Sustainable agriculture and forest production
Prosperity of forestry and agriculture depends on sustainable production
Forestry and agriculture, two major contributors to Alberta’s economy, need to balance productivity with long-term stewardship of natural resources. Prosperity in these sectors depends on expanding the value chain, as well as rural development.
In order to adapt to economic challenges, the agriculture and forestry industries must reinvigorate themselves through embracing new technologies, products and services.
To expand sustainable production, Alberta Innovates has two main priorities:
- Market-Driven Traits and Products: Research investments focus on increasing the global competitiveness of Alberta’s agriculture and forest sectors through: reduced cost of production, value addition (e.g. traits and attributes) and the development of new products (e.g. water and nutrient use efficiency, high value products).
- Agriculture and Forest Sustainability: We answer research questions to optimize the responsible use of Alberta’s agricultural and forested landscapes, addressing Alberta’s economic, social and ecological goals (e.g. control of mountain pine beetle).
Projects and Programs
For a listing of Alberta Innovates research projects focused on sustainable production (formerly Value Chain Sustainability), view the summary excel spreadsheets here or visit our BioLINK research project database for specific projects.
Halting the invasion of the mountain pine beetle
We’re funding research by Janice Cooke, an associate professor in the Department of Biological Sciences at the University of Alberta and an expert in the mountain pine beetle. Climate change has allowed this destructive little pest to flourish and spread.
In 2011, Cooke and co-researchers discovered the beetle had jumped species, from the lodgepole pine in B.C. to stands of jack pine in Alberta. Cooke is using genomics to better understand the beetle and its host trees. With AI Bio’s support, she is working to uncover new knowledge and develop tools to prevent the beetle from spreading further eastward and posing a serious threat to Canada’s boreal forest coast to coast. Read Attack of the pine beetle.
Read about Cooke’s AI-funded research project here.
Better barley for farmers
Watch this video to find out how a project co-funded by AI is helping farmers. Researchers at the Field Crop Development Centre in Lacombe, Alberta are evaluating numerous barley varieties from around the world to identify those that use nitrogen most efficiently. Increasing nitrogen use efficiency will boost yields and lower fertilizer costs – benefiting both producers and the environment.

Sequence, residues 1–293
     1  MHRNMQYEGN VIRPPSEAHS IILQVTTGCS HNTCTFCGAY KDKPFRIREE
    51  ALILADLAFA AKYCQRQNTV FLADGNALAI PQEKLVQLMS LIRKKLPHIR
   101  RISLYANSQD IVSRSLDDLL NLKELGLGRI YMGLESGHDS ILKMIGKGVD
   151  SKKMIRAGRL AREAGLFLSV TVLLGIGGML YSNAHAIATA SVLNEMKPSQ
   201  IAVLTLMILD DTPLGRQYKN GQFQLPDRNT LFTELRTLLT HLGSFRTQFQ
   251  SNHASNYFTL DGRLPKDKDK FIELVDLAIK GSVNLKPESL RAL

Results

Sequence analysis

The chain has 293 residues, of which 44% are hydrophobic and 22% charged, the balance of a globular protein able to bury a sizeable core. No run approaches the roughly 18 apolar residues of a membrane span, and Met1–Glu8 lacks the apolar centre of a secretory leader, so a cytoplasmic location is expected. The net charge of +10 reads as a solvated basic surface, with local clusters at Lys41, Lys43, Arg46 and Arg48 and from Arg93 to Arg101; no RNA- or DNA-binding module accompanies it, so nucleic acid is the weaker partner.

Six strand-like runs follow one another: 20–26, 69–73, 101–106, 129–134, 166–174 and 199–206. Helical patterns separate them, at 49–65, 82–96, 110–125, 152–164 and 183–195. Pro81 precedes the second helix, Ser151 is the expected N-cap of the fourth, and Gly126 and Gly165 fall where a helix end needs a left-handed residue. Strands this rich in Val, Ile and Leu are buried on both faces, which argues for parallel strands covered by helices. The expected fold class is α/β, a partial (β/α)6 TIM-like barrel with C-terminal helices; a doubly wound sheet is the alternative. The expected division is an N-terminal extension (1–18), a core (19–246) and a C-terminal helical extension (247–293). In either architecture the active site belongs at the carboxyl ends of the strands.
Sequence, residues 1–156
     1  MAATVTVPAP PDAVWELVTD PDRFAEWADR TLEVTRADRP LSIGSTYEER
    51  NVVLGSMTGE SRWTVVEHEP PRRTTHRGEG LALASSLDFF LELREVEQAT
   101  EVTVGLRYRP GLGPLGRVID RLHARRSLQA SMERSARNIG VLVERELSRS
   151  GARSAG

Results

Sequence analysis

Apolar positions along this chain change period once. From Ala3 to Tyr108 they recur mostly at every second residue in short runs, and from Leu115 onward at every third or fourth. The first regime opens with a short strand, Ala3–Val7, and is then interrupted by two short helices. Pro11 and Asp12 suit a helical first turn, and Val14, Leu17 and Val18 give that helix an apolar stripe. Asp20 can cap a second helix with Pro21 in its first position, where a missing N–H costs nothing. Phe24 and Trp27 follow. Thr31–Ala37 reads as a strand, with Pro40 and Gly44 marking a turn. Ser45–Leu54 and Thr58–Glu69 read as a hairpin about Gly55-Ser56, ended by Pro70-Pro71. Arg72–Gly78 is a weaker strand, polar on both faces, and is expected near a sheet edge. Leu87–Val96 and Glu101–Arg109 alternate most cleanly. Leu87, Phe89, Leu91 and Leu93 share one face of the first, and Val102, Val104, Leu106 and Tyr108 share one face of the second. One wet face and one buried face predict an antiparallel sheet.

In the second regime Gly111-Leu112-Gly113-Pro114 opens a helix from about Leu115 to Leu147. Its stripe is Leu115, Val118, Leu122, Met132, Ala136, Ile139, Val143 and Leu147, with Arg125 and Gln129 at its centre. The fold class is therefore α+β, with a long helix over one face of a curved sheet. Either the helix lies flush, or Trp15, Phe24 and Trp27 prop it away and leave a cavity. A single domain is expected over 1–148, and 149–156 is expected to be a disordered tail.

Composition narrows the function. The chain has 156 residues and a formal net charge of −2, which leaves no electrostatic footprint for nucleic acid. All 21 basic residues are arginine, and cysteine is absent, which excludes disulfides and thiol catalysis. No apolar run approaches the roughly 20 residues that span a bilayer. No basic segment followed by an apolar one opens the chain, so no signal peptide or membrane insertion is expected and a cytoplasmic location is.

New corn research facility in Lethbridge
DuPont Pioneer’s research facility in Lethbridge, supported by AI and Alberta Crop Industry Fund, is working on new corn hybrids that can grow in areas where the growing season is short and the climate is cool. Grain corn can be a valuable addition to Alberta’s livestock feed options.
Alberta Innovates Phytola Centre
Launched in January 2011 through an Alberta Innovates (then Bio Solutions’ investment), the centre is led by Dr. Randall Weselake, a professor in the University of Alberta’s department of Agricultural Food and Nutritional Science and a Tier I Canada Research Chair. The Centre has two major research thrusts: increasing the quantity of the oil the seeds produce and improving the quality of the oil for nutraceutical and industrial applications.
Livestock Gentec, an Alberta Innovates Centre
Supported by investments from Alberta Innovates and Alberta Livestock and Meat Agency, Dr. Graham Plastow leads researchers at this Alberta Innovates’ Centre in developing a greater understanding of animal genomes to help improve the competitiveness and sustainability of the livestock sector.
Watch Getting in the kNOw in GeNOmics!, a video to get livestock producers interested in applying genomics to agriculture.